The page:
Director-designate, The Ditchley Foundation; Permanent Under-Secretary of State, Ministry of Defence (1988-April 1992)

Mr Andrew Taussig
Controller, European Services, BBC World Service, London

Mr Neil Thornton
Under Secretary and Head, European Division, Department of Trade and Industry (DTI), responsible for DTI’s relations with European Community and bilateral relations with members of EC, the European Free Trade Association, Central and Eastern Europe and countries of former Soviet Union

Mr Anthony E Vicars-Miles
Head of CIS, Central and East Europe Division, Shell International Petroleum Company Limited

Mr Vladimir Philipov
Ambassador to Lisbon

Mr David Wright
Assistant Deputy Minister for Europe, Department of External Affairs and International Trade, Ottawa

Mr Jiří Brabec
First Deputy Minister, Federal Ministry of Foreign Trade, Prague

Mr Jaromír Príbyl
Minister-Counsellor, Embassy of the Czech & Slovak Federal Republic, Londo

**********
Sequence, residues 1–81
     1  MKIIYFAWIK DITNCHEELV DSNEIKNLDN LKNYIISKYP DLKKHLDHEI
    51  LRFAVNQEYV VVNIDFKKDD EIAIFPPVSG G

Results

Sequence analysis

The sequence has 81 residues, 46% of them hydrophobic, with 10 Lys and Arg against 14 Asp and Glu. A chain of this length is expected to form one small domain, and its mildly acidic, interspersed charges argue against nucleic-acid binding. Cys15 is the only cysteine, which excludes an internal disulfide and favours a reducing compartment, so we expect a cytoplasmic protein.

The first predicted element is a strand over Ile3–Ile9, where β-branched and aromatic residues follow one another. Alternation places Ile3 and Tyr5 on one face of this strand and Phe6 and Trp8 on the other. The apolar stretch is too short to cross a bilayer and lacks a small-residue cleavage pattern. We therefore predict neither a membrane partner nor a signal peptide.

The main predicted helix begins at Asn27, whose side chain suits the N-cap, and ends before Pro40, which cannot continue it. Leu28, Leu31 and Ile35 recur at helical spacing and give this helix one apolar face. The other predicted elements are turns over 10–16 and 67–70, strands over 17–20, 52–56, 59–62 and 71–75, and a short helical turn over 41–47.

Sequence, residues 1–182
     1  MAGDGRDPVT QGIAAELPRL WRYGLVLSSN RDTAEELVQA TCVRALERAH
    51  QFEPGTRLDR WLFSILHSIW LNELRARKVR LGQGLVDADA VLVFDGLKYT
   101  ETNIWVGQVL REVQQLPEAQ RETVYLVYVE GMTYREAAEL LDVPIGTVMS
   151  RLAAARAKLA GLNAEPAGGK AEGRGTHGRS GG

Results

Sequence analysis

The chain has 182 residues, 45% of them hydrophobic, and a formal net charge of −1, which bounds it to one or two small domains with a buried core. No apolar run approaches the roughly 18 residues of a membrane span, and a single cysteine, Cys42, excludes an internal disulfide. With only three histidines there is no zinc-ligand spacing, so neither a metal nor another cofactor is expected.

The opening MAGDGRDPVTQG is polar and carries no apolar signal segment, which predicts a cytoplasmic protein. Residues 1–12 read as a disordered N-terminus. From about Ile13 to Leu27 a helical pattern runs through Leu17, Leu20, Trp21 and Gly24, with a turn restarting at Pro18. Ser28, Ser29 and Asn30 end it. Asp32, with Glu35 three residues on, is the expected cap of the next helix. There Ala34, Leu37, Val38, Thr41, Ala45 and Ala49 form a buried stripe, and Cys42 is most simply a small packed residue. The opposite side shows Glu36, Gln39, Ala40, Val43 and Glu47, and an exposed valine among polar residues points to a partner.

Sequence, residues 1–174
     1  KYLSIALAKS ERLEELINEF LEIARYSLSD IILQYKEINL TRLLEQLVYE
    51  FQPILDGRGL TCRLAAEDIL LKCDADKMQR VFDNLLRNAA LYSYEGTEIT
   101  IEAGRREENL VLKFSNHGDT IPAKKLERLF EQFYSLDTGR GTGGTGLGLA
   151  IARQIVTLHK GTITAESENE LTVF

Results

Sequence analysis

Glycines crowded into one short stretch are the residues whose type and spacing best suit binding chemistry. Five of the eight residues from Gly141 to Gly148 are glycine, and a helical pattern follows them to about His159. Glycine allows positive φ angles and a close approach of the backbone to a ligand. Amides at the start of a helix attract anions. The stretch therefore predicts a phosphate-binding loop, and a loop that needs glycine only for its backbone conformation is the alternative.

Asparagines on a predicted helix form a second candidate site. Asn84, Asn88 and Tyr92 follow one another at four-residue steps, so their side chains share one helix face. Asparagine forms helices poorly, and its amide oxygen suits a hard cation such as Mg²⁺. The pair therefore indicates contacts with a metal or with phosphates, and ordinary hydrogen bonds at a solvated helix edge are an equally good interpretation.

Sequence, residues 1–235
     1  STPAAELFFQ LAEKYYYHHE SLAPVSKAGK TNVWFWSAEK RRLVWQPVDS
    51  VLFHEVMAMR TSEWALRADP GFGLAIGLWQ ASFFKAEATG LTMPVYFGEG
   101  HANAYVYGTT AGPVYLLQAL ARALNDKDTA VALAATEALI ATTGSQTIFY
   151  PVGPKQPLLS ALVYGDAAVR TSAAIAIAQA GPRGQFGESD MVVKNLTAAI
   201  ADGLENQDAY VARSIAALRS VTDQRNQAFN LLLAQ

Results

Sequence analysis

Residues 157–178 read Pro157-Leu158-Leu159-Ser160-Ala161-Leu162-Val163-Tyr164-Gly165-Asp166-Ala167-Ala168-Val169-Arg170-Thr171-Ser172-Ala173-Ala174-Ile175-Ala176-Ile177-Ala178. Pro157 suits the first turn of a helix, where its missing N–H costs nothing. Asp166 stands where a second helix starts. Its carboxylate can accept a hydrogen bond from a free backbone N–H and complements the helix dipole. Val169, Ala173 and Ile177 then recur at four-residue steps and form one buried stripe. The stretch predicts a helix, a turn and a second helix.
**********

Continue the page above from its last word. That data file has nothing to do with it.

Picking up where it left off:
Mr Jan Urban
Visiting Research Fellow, Emmanuel College, Cambridge

Dr Jiří Valenta
Director, Institute of International Relations and adviser to Minister of Foreign Affairs

Mr John Flemming FBA
Chief Economist, European Bank for Reconstruction and Development

Mr Donald M McCutchan
Executive Director for Canada and Morocco, European Bank for Reconstruction and Development

Ms Joan Pearce
Head, Unit for Eastern Europe, Directorate-General for Economic and Financial Affairs, Commission of the European Communities

Professor Jacques Sapir
Consultant, Ministry of Research and Technology, Paris

Mme Anita Tiraspolsky